Susie: I most certainly did take it as a challenge! I didn’t act upon it immediately but I turned the thought over and over in my mind, thinking perhaps I’d run in fancy dress as a ball of yarn or a giant knitting needle or even running it dressed entirely in knitted garments, until the idea of actually taking my knitting with me on the run popped into my head. Of course I dismissed that idea straight away as that would be plain silly now wouldn’t it! But the idea festered away in the back of my mind until I decided that I would in fact take my knitting with me with the intention of running for a bit and then stopping to chat to the crowd whilst knitting.

This concept caught the attention of the media and I was featured in a few articles in the Press which was spotted by the people from Guinness World Records who contacted me to suggest that I could turn it into a record attempt. After much tooing and frooing of ideas we came up with the concept of me knitting a scarf whilst running. This of course meant that I would actually have to knit whilst running. Oh my!

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Top Down Crochet Jacket Crochet-Along: Finishing Touches

October 9th, 2014

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CAL_08282014We’ve made it! It’s the final week of the crochet along and all we have left now are a few finishing touches. Adding a few buttons and some blocking will make our projects perfect.

Blocking

Blocking is one of the final steps that should be used for almost every project. Blocking sets the stitches and gives you the chance to straighten edges and slightly reshape any areas that need it.

There are different methods for blocking but the one that I recommend for this project is wet blocking. To wet block take your garment and soak it in water for at least 30 minutes to make sure it is thoroughly wet all of the way through. If you think your sweater could use a cleaning add some wool wash to your soak.

Once soaked, carefully pull it out of the water and gently squeeze out the excess. Be careful not to agitate the sweater too much while it is wet to avoid felting. Lay it out on a blocking mat or stack of towels and pat it into shape. Pin down rolling edges if necessary. Allow a day or two for drying. Once dry your sweater will remember the shape it dried in.
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Top Down Crochet Jacket Crochet-Along: Edging

October 2nd, 2014

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CAL_08282014 Welcome back everyone! We’re getting so close, at this point our sweaters actually look like sweaters, just a few finishing touches! This week we will focus on the edging.

For the edging a surface slip stitch is used first to create a foundation then later as a design element. A surface slip stitch makes a chain appear on the surface of the fabric. This is a great technique that you can use to add embellishments to any project. Here is a couple pictures of me starting the edging:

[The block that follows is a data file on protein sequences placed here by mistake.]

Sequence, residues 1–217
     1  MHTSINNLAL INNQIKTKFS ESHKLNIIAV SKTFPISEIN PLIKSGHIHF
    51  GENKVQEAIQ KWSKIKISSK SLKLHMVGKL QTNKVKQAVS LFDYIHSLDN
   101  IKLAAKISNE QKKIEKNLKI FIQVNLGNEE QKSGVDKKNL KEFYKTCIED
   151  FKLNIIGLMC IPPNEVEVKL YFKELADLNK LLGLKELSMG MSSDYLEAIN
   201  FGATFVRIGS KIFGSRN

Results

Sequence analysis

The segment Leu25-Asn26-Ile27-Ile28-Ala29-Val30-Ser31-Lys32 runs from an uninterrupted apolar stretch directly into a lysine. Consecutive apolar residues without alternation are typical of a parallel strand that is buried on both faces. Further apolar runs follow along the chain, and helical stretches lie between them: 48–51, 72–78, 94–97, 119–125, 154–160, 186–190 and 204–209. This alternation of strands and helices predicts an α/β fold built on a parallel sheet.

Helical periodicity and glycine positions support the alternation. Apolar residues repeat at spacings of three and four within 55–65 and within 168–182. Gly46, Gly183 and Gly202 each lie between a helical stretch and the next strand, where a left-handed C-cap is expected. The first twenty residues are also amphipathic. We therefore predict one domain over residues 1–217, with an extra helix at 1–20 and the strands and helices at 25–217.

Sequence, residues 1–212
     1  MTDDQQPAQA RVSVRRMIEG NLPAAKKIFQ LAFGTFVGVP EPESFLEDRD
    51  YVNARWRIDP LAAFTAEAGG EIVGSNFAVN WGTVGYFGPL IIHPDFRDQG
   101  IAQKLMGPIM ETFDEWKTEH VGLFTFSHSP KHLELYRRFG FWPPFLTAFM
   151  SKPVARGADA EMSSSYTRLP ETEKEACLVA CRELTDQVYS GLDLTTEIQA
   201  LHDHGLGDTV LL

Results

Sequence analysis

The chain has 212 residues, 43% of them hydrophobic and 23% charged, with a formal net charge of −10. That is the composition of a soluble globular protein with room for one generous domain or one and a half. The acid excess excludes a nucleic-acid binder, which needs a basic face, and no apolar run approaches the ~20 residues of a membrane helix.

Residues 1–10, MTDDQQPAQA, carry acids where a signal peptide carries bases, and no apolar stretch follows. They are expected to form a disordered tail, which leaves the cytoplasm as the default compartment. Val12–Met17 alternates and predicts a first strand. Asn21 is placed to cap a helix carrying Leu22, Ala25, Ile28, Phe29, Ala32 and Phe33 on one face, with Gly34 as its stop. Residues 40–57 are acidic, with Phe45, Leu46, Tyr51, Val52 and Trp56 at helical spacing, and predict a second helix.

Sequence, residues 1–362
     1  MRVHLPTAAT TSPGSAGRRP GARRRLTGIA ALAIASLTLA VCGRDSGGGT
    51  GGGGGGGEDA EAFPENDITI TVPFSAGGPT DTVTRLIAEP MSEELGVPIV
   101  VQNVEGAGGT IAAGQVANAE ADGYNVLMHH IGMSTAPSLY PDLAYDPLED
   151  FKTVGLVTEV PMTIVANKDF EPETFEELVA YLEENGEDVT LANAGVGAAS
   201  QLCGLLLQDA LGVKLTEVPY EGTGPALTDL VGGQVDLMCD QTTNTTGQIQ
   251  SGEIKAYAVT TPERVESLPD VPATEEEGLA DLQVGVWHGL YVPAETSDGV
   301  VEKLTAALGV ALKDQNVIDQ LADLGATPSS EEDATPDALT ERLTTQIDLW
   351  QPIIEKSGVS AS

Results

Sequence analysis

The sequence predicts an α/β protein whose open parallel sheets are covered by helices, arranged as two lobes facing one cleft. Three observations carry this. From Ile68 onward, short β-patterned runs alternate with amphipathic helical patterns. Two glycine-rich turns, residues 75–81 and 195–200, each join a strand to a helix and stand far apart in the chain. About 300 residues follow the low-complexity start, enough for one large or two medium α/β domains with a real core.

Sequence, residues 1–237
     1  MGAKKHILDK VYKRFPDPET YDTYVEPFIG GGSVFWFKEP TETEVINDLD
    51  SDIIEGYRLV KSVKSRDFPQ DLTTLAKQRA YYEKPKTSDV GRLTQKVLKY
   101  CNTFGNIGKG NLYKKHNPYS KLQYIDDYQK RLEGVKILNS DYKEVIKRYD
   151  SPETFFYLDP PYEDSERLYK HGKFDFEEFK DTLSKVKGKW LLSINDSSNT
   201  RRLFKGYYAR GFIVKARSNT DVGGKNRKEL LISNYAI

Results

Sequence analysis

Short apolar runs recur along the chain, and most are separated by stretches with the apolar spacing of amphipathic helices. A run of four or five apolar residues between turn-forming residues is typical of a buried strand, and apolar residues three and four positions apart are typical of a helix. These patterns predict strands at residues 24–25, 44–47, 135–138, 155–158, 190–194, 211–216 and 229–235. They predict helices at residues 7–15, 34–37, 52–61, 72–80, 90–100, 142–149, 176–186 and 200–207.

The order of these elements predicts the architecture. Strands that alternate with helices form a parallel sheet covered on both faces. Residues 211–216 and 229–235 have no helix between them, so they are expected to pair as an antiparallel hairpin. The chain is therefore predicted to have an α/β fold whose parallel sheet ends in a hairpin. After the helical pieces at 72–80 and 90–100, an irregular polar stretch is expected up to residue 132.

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David Babcock, the Knitting Runner, Wants to Make a Trade: Your Alzheimer’s Story for a Scarf

September 30th, 2014

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babcock_knitrun_sept10Featured in the New York Times and around the world, David Babcock is the Guinness World Record holder for knitting the longest scarf (12 feet!) while running a marathon, which he did in Kansas City last October. Coupled with a great deal of skill and endurance, David credits his choice in using Lion Brand’s Hometown USA as a factor in his amazing accomplishment! Lion Brand is sponsoring David in the New York City Marathon on November 2nd, 2014 and lucky for us, he’s agreed to write for us leading up to race day!

Greetings from the Knitting Runner. I have some knit-while-running scarves I want to give away, keep reading …

It’s hard to believe that the fall marathons are nearly here — it’s just starting to get cool enough that I’m thinking about knitting some new hats. I’ll be running the Kansas City Half Marathon on October 18th and the New York City Full Marathon on November 2nd. And yes, I’ll be knitting as I run! I’m deep into my training runs and testing my multi-tasking dexterity.

I’ve also joined the NYC Athletes To End Alzheimer’s team and am actively fundraising – please donate!

So, about those scarves I mentioned …

I want to hear your stories about Alzheimer’s and knitting. Are you a knitter or crocheter who has Alzheimer’s? Do you care for someone with Alzheimer’s and still find the time to knit or crochet? Please share your story in the comments below. If I have your stories in my head and heart as I run/knit, they will lend me more strength and purpose.

On October 30th, Lion Brand will randomly select five people who have shared stories to receive one of my scarves. At least once a week I knit a scarf while on the run and they’re stacking up!

I really want to get connected with my Alzheimer’s community. I know you’re out there and that, like me, knitting (or crocheting) is something you do while doing other hard things too. I am cheering for you!

Sincerely,

David Babcock
knittingrunner.com

***

Since its creation in 2009, the Alzheimer’s Association’s NYC Marathon teams have raised well over $2 million. The Chapter offers free support and education to the more than half a million New York City residents who either have Alzheimer’s or a related dementia or are caring for someone who does.

:: Support Alzheimer’s research — make a donation today! ::

Photo: David with a recently-made scarf, finger-knit with Hometown USA while running 10 miles in 80 minutes on September 10th!


Top Down Crochet Jacket: Sleeve Construction

September 25th, 2014